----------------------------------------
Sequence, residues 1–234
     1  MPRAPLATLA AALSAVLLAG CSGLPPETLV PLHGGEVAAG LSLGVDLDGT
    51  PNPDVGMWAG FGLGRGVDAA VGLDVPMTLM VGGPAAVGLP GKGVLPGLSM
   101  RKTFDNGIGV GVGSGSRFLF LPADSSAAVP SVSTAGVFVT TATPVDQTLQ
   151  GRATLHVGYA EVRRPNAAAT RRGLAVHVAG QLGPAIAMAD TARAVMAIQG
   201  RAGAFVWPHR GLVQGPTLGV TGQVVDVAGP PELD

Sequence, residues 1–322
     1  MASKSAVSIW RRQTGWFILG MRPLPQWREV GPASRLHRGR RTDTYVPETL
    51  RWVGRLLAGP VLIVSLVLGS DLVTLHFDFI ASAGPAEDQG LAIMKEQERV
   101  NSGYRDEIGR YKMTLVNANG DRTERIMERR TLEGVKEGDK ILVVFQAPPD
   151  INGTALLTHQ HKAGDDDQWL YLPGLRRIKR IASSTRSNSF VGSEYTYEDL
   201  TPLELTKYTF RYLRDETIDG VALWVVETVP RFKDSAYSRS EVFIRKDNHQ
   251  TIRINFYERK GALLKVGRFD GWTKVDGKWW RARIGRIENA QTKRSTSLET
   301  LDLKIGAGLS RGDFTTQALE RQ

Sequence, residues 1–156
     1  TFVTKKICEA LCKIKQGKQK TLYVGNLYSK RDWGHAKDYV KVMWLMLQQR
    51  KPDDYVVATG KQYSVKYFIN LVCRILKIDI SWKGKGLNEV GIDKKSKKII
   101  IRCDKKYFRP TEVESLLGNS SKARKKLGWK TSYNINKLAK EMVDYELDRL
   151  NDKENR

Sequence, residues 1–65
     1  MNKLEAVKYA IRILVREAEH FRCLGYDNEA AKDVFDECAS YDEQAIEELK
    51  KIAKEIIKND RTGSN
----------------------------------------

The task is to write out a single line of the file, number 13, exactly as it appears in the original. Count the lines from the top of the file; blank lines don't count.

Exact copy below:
   251  TIRINFYERK GALLKVGRFD GWTKVDGKWW RARIGRIENA QTKRSTSLET